‘Split’ is a masterwork of psychological terror and suspense.  Much of this is due to McAvoy’s bravura turn as the man with many faces and  particularly his uncanny ability to switch among the multiple personalities with seemingly effortless ease.  Anya Taylor-Joy was also compelling as the damsel-in-distress whose survival instincts are fueled by an inner strength born out of her own dark childhood and history, which unfolded through a series of flashbacks.  The film reaches its climax in truly frightening fashion as Kevin’s 24th personality emerge from the depths of his being, a physiological transformation so primal that made it nothing less than an apotheosis.

Grade: A 

Resident Final

The most successful video game film franchise in cinematic history comes to a fitting conclusion in ‘Resident Evil: The Final Chapter,’ B-movie genre veteran Paul W. S. Anderson’s adaptation of the immensely popular but ultra-violent and gory Japanese post-apocalyptic shooter-survival video game series from Capcom featuring zombies, mutants, death traps, an unscrupulous (okay, downright Evil) pharmaceutical conglomerate and the heroes who fight them.  Unlike ‘Underworld’ (see my first review this year), the producers of ‘Resident Evil’ knows when to wrap things up, deciding that six movies are quite enough, and rightly so.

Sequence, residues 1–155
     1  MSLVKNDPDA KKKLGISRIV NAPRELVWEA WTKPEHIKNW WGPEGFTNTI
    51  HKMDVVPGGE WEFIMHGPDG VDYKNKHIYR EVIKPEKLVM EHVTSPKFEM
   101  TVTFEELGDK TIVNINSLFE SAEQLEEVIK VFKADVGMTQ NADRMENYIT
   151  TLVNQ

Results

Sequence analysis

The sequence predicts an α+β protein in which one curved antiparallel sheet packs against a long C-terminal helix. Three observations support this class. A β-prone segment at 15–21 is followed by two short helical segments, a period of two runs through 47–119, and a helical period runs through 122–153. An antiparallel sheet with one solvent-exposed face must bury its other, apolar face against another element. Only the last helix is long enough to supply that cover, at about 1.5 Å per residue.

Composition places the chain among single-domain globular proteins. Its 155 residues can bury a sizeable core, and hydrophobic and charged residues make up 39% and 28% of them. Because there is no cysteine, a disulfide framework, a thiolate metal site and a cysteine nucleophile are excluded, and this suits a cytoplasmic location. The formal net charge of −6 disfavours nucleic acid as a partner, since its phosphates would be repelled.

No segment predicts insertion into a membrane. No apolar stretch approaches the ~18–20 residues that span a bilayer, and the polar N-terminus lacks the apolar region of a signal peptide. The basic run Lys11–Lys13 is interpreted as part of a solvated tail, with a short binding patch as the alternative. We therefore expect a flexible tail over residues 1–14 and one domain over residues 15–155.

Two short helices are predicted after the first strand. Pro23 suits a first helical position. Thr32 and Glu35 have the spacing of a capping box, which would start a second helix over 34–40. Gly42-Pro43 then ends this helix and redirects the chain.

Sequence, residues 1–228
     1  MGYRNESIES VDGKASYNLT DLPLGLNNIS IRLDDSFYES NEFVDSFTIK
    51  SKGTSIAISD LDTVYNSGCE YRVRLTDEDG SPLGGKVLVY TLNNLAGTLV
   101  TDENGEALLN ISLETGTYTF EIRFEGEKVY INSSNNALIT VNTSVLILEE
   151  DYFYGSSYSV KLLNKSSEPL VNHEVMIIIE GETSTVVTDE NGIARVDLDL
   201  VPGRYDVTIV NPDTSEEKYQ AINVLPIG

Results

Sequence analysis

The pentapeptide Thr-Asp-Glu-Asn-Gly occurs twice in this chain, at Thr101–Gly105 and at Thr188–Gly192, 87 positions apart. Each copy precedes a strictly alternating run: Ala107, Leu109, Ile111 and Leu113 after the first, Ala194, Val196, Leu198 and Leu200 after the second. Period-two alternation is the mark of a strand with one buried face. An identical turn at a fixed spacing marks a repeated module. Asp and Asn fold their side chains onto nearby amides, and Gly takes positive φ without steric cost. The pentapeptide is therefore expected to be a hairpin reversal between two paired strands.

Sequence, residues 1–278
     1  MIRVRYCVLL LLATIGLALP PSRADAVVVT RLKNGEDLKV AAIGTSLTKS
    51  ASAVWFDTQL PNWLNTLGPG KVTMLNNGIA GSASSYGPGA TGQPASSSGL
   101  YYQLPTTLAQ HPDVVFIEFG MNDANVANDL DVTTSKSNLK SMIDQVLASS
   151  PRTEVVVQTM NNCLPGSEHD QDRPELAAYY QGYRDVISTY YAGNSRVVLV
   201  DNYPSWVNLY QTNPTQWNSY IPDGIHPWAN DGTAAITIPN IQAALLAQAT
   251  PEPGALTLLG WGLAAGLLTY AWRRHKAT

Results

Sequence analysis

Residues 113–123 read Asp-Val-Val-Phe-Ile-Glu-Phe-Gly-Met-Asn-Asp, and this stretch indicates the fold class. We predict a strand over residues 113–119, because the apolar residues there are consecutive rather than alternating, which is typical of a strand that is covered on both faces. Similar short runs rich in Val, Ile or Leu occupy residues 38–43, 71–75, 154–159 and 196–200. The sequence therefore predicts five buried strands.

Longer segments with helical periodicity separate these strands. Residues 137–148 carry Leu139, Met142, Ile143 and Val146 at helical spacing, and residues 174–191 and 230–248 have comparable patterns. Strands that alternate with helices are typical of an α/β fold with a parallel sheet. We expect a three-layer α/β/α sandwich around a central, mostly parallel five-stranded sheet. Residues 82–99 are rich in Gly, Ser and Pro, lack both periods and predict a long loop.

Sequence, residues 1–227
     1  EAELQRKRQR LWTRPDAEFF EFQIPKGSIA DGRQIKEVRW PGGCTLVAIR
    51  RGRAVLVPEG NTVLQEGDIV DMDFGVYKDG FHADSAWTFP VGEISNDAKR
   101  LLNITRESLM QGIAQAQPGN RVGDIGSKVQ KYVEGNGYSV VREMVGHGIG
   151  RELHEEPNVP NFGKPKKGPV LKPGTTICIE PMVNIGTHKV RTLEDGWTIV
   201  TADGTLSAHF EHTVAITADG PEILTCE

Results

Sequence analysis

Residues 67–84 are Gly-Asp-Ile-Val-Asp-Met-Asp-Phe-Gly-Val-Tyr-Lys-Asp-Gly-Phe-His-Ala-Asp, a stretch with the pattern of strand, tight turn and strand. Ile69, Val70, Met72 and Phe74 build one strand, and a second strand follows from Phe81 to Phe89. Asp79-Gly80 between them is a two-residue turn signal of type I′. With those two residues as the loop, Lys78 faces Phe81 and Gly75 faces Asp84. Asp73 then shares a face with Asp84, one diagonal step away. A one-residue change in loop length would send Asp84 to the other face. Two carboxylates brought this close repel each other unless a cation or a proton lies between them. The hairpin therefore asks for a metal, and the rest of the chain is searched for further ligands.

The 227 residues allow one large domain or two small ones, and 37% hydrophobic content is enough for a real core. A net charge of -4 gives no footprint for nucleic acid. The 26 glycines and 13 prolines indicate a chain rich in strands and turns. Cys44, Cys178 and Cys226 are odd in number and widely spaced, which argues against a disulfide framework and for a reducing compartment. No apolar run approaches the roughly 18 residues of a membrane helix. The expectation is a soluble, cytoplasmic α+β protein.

41-year old Ukrainian beauty Milla Jovovich (and real life wife of Anderson) reprised her role as Alice for this final go-round, cementing her place as one of Hollywood’s most iconic and badass femme fatales in recent memory.  15 years after the original film, the story comes full circle as Alice and a group of like-minded resistance fighters including Claire Redfield (Ali Larter) return to Umbrella Corporation's labyrinthine underground complex to destroy the sinister organization and its head, Dr. Alexander Isaacs (Iain Glen), once and for all.  Any lingering questions and missing plot-lines are explained and neatly tied up, bringing the RE series to a somewhat satisfactory conclusion.  We find out why the T-Virus was created, how its original creator had noble intentions but was subverted and betrayed by a scheming colleague, and what the objective and end-game of the Umbrella Corporation were.  Then we get what we came for, seeing Alice shoot up and decapitate zombies and mutants, perform graceful acrobatics effortlessly like poetry and kick Umbrella Corporation butt. 
‘The Final Chapter’ is by no means a great movie, or even a particularly good one for that matter.  But really, do we seriously expect it to be?  What RE offers is what its intended audience always wanted, no more and no less.  ‘The Final Chapter’ may not even be the best film of the franchise (to me, the 2002 original is still the best), but what it does is give us a chance to see Milla do her thang one more time for old times’ sake.

Grade: B